Business ETC uses cookies. By continuing to browse this site you are agreeing to our use of cookies. Click here to find out more »
Dublin: 10 °C Friday 28 November, 2014

Moody’s downgrades six German and three Austrian banks

Moody’s says six major banks, including the country’s second-biggest Commerzbank, are at risk of eurozone turmoil.

Image: Michael Probst/AP

RATINGS AGENCY MOODY’S has downgraded the ratings of six major German banks, as well as the three largest ones in Austria, commenting that the banks are at risk of the ongoing turmoil in the eurozone.

In a statement Moody’s said the German lenders – including the country’s second-largest, Commerzbank – were being downgraded by one notch, with a number of them also put on a negative outlook.

The country’s largest bank, Deutsche Bank, escaped a downgrade for the time being, though Moody’s said it would review that rating when it was performing similar examinations on other globally-oriented firms.

Landesbank Baden-Wuerttemberg and Norddeutsche Landesbank GZ were both lowered from A2 to A3, though given stable outlooks, while the German branch of Italian lender Unicredit – which was given a similar downgrade – was stamped with a negative outlook.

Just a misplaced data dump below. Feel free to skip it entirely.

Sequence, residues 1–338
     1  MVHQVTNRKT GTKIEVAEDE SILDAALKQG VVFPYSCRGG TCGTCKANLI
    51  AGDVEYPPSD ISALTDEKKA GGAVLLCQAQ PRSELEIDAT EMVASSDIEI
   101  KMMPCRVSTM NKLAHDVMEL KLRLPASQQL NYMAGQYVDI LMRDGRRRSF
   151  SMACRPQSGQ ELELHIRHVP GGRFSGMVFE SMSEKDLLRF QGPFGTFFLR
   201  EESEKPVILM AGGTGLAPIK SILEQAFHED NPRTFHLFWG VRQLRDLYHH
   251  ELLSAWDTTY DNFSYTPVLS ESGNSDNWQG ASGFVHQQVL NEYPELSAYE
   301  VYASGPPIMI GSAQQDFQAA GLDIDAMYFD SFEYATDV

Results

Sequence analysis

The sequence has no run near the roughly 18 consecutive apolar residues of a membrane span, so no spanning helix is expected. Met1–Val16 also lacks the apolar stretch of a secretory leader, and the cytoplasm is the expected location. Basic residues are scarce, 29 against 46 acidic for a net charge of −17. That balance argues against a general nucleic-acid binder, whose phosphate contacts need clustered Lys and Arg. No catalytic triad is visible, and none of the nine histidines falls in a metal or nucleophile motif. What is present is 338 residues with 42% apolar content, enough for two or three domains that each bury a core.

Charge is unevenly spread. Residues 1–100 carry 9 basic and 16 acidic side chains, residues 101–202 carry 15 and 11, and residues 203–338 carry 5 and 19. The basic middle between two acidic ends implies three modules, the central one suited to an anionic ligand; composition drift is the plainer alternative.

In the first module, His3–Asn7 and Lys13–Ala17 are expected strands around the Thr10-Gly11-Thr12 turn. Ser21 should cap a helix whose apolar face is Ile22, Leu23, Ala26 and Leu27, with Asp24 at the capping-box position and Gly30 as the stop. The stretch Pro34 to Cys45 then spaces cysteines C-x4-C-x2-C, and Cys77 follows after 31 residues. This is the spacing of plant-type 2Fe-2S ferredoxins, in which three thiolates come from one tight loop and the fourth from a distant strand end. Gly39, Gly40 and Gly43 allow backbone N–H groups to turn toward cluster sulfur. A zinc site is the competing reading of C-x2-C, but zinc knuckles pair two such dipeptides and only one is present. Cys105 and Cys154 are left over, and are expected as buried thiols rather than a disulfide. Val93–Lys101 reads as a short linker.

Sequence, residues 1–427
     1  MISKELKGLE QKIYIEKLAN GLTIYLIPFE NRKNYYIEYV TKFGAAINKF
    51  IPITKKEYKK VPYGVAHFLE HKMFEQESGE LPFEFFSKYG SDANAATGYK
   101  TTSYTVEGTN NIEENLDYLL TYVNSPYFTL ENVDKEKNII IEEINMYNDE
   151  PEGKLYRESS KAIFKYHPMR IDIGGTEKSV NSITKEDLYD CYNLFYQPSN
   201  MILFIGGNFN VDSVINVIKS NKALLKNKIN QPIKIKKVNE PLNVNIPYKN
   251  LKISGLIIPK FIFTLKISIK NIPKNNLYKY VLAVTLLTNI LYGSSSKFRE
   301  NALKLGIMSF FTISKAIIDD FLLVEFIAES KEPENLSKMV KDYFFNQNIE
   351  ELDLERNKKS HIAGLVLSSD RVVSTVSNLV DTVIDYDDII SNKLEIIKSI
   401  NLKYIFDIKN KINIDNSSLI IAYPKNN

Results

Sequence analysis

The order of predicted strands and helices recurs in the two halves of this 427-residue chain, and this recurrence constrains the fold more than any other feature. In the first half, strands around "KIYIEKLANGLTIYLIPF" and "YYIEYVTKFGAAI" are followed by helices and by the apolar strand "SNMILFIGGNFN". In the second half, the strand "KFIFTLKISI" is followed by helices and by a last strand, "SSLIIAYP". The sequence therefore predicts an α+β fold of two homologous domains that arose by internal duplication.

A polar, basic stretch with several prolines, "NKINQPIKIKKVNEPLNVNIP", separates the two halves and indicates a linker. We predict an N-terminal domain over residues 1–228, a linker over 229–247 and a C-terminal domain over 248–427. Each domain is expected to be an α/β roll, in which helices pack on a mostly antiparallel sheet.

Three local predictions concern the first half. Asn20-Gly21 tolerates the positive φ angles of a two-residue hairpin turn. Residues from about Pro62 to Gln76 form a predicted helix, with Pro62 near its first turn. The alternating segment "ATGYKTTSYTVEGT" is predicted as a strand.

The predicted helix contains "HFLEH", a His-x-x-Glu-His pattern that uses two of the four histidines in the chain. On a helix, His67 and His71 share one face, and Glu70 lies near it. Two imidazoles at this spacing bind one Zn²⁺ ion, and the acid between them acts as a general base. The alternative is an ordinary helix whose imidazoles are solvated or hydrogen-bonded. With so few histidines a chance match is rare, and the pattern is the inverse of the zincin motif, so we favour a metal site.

In Austria, the three largest banks – Erste Group Bank, UniCredit Bank Austria and Raiffeisen Bank – were all cut, meaning none of those lenders now enjoy the top A1 rating.

The downgrades come as part of a wider review of 114 European banks announced back in February and Moody’s notes that a number of factors “have caused the ratings of many German banks to decline by less than for other European banks.”

Moody’s said one such mitigating factor was the “comparatively benign operating environment” in Germany’s domestic market, where demand remains strong and unemployment is below the European average.

Another factor was the “modest funding risk of many German banks, underpinned by broadly matched maturity profiles, recurring access to intra-sector funds and improved liquidity buffers”.

“Moreover, Moody’s recognises the steps German banks have taken to address past asset quality challenges.”

Additional reporting by AFP

Spain: We’re being frozen out of markets, and we need help now

  • Share on Facebook
  • Email this article
  •  

Read next:

Comments (17 Comments)

Add New Comment